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What If We Kept “Target Close Date” Sacred?

by David Brock on October 10th, 2019

Just finished one of those “aha” conversations with a client. Thought I would share the concepts with you.

One of the things I pay a lot of attention to, as I review pipelines or deal strategies, is the Target Close Date, and how many times that date has been changed.

I believe sales people should do everything possible to:

  1. Identify the most realistic target close date possible.
  2. Do everything possible to keep that date sacred.

Sadly, most target close dates seem to be unrealistic and meaningless. They are driven by what a sales person (or their manager) wants or needs, but have little to do with the customer need to buy.

Then as the customer embarks on their buying journey and we execute our sales process, as things get delayed, as priorities shift, the target close date shifts and shifts and shifts…..

Some years ago, I was looking at a major deal at a client. It was a huge deal, it would make the client’s quarter. Yet as I looked at it, the target close date had changed 11 times in 11 months—the pattern was at the end of each month, the sales person would slip the target close date 30 days. The sales person had no idea when the customer would make a decision and just kept slipping it, thinking, “Hopefully they will make a decision next month.”

How do we keep the target close date sacred?

First, we set the target close date incorrectly. We set it based on what we want or need, perhaps tempered by our experience. For example, we have an average sales cycle of 90 days, so we arbitrarily set the target close date 90 days out.

The target close date needs to be driven by the customer need to buy! It must be driven by understanding, with the customer, when they need to have a solution in place and what the consequences are of missing that target date.

Ironically, this is part of qualifying an opportunity. We have to know this stuff to have a qualified opportunity! We have to know this stuff to help the customer navigate their buying process to achieve their goals when they need to achieve them.

Second, we know things slip. The customer may shift priorities, they may lose their way in the buying process (hopefully we are minimizing that through our coaching), unanticipated barriers emerge. The plan the customer and we put in place falls apart.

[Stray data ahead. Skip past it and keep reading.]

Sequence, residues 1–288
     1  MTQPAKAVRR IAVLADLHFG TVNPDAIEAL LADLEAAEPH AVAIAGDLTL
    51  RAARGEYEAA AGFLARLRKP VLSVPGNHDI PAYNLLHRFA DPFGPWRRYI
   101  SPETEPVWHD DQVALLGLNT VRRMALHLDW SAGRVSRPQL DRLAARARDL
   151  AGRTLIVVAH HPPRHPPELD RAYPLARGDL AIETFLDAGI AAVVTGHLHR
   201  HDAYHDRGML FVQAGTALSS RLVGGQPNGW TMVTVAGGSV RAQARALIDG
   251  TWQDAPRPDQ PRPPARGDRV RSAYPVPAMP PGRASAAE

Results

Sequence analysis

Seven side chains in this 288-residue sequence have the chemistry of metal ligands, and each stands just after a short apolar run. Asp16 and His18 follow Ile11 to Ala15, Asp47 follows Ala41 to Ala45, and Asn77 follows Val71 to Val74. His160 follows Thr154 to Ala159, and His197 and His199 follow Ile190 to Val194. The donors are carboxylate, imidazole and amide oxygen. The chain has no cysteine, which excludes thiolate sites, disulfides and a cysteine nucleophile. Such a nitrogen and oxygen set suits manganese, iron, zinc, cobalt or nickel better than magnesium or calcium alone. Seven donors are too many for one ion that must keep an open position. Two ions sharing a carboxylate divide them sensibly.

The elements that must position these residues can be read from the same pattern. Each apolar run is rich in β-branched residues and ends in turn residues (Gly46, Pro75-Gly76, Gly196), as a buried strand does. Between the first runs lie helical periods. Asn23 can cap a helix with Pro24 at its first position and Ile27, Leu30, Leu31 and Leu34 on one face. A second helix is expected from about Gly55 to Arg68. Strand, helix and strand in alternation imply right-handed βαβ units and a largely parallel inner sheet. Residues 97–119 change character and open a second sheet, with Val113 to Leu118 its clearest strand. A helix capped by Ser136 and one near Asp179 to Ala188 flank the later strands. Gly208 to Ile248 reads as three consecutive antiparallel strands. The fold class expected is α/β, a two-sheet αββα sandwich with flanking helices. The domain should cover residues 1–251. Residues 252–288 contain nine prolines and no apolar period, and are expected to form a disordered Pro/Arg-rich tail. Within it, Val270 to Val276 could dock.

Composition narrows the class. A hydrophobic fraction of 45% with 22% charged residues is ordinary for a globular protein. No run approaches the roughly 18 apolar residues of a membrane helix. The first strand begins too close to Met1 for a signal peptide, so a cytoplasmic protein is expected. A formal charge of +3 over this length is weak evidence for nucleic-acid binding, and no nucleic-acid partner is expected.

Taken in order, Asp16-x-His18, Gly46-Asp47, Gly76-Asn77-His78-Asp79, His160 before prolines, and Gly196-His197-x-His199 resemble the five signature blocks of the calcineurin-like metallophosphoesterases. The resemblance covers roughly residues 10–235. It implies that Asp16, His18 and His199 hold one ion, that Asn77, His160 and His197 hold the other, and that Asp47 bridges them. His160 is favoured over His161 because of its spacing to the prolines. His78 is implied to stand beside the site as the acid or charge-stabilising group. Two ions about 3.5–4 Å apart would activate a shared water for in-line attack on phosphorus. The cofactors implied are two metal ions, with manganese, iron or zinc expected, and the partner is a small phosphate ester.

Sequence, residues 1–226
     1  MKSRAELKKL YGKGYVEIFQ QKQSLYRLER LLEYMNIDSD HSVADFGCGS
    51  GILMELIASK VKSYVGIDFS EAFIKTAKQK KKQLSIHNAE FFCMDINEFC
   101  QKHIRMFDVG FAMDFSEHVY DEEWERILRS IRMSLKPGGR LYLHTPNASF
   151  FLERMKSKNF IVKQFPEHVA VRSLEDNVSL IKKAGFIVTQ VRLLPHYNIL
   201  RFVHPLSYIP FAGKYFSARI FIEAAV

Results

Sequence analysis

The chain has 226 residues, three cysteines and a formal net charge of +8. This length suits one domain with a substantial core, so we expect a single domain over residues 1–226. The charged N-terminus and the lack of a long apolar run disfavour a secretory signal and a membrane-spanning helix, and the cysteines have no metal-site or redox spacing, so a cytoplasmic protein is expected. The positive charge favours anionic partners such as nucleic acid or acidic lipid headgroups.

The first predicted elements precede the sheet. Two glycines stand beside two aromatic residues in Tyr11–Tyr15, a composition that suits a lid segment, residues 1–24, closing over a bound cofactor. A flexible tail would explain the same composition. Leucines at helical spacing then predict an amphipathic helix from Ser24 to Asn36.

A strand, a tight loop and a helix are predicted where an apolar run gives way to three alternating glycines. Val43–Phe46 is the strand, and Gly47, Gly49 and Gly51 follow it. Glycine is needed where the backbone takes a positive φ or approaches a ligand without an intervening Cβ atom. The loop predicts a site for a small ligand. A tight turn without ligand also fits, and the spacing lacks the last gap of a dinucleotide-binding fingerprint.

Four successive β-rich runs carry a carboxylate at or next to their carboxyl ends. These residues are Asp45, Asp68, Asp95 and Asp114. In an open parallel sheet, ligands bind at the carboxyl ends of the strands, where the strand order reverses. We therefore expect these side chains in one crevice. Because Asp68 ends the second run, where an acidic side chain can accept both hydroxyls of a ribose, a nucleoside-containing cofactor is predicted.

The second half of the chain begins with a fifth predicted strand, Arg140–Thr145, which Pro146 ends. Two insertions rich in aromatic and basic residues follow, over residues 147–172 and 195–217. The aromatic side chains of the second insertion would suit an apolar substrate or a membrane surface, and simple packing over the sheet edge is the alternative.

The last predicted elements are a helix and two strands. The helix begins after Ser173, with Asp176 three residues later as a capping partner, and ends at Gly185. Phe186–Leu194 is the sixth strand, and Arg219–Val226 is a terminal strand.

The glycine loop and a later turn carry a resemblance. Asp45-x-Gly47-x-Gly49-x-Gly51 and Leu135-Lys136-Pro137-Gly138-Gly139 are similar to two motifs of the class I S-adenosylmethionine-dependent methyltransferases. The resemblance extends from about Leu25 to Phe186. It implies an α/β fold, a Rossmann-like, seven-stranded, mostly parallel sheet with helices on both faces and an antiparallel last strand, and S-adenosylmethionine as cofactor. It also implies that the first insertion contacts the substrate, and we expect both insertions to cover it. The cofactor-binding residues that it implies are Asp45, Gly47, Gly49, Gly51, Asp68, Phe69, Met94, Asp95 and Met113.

But this isn’t new news, it happens all the time both in buying situations and in normal projects the customer undertakes. But if we and the customer continued to slip our deadlines, we would never achieve anything.

The buying/selling journey is a project. And to manage projects effectively we need to put strong project plans in place. In developing strong project plans, we typically identify milestones or stage gates, we look at the critical paths, we build some buffer into the plan, so that we are more likely to hit our goals.

But stuff happens, and we get behind schedule. There’s the temptation to slip the project completion date, but then that slip has huge consequences to the customer. They may miss a product launch commitment, they may miss customer commitments, they may not have the support systems in place to support a major change. They may be in violation of a law or compliance issues. Any slip has serious consequences to the customer and their ability to meet their goals/commitments.

We need to use the same tools and processes in helping our customers in their buying journeys. We need to help them keep that target completion or close date constant—after all, we’ve already identified the consequences to them for missing it. We need to help them rethink their buying process to keep them on target with achieving their goals.

Great project managers recognize this. As they see project plans slipping, they don’t slip the target completion, if they possibly can avoid it. What they do is adjust their project plan. They start at the target completion date, keeping that constant, and work backwards, changing the project plan to meet their goals.

Of course things will slip due to things outside the customer’s and our control. But our job, with the customers, is to minimize this, to help the customer manage it, to focus on the customer’s abilities to achieve their goals.

It really isn’t that tough, project managers do that all the time. It’s nothing new, though I suspect this type of thinking is new to most sales people.

Again, we are most effective when we:

  1. Establish a realistic target close date based on the customer need to buy.
  2. Working with the customer doing everything possible to keep it sacred.
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